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Outcome Tests  Guidelines
Outcome Testing. Review match results in order to validate a current linkage model or improve your linkage model for use in future matches. Use the Outcome Test Tab to test for comparisons with dependent outcomes (Outcome Tests). Test results should not be used to revise the match that is the basis for the results.
First Outcome Test Example. The first outcome test suggests that CrashCounty compared to SceneCounty (event location) and StdDate compared to StdDateCall (event date) have independent comparison outcomes on either both pairs (p Value for M = 0.90) and Unmatched pairs (p Value for U = 0.26). Consequently, no correction for dependent outcomes is necessary and all X values for these fields in the match specifications should be 1.00. This is expected because reporting errors in the simulated data are random and independent.
Second Outcome Test Example. The second outcome test suggests that StdDobD (day of birth) comparison and StdDobM (month of birth) comparison have significantly dependent comparison outcomes on Matched pairs (p Value for M < 0.01), and that Disagree X equal to 0.68 would correct for the observed dependency. The test results suggest that misreporting of day of birth is correlated with misreporting of month of birth. This is expected because day of birth and month of birth are derived from date of birth. Consequently, when data of birth is reported incorrectly in the simulated data there is a high probability that both day of birth and month of birth are incorrect on the same record. This may not be the case in real data if most reporting errors are single typos during data entry.
Set Agree X < 1.0 for Dependent Comparison Pairs. Agree X values must be set to the same value less than 1.00 in your future match specifications for any dependent comparison pairs even though the test results show 1.00 (say 0.99 for StdDobD and StdDobM comparisons). This is necessary so that the Markov Chain Monte Carlo (MCMC) linkage algorithm will reestimate the correct pairs of X factors.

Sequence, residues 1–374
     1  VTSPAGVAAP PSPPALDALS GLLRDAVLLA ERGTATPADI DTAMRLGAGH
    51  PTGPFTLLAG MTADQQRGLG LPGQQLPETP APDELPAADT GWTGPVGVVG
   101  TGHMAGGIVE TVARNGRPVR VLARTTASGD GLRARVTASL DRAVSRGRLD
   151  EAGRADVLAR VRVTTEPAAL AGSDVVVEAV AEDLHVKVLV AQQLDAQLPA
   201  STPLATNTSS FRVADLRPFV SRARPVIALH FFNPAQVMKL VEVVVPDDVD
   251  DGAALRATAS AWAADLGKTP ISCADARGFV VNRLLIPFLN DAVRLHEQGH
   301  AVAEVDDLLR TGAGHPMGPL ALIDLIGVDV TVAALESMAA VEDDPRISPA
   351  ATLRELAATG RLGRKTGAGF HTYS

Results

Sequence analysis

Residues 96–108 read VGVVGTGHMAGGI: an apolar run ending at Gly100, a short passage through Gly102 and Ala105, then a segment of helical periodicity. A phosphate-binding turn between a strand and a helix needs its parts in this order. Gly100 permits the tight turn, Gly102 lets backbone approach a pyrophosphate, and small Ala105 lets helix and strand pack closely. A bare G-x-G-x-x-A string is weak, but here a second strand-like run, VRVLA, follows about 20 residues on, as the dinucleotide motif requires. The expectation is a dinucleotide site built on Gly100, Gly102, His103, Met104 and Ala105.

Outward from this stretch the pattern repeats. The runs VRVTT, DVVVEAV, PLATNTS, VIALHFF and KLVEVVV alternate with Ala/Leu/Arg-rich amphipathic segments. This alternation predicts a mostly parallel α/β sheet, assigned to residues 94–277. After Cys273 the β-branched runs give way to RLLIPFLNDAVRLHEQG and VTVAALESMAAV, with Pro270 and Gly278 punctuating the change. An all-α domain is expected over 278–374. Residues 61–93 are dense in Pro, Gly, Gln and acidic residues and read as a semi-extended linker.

Measuring Dependent Outcomes. P values measure whether apparent dependencies might happen by chance but not whether the dependencies are weak or strong. For the latter, you have to look at a different measure. You could measure r values as with linear regressions with numeric variables but they don’t apply here. Instead, we measure uncertainty coefficients that apply to categorical values like Agree, Disagree. Uncertainty coefficients (and X factors derived from them) measure the strength of dependencies but don’t tell you anything about statistical significance. This is why you have to look at both. You only have to make a correction (set your X factors less than 1.00) if the p values indicate that a dependency is statistically significant so that correction is needed. Even if the p values are very small, the X factors might indicate that the dependencies are very weak so that only small corrections are needed.